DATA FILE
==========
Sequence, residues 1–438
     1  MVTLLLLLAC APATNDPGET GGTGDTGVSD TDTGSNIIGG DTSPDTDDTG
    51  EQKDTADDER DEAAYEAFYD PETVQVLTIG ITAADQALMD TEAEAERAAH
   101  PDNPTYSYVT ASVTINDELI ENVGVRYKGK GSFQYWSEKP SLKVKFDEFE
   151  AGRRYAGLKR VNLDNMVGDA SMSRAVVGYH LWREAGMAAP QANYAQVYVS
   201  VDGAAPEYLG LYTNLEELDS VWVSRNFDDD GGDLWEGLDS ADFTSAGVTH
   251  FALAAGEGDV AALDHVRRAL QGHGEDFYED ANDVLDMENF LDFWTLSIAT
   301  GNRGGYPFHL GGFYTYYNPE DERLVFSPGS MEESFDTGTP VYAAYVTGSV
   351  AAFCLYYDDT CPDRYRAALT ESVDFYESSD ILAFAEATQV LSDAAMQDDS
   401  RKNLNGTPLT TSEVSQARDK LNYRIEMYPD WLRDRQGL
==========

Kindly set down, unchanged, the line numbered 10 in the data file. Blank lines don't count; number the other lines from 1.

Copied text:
   401  RKNLNGTPLT TSEVSQARDK LNYRIEMYPD WLRDRQGL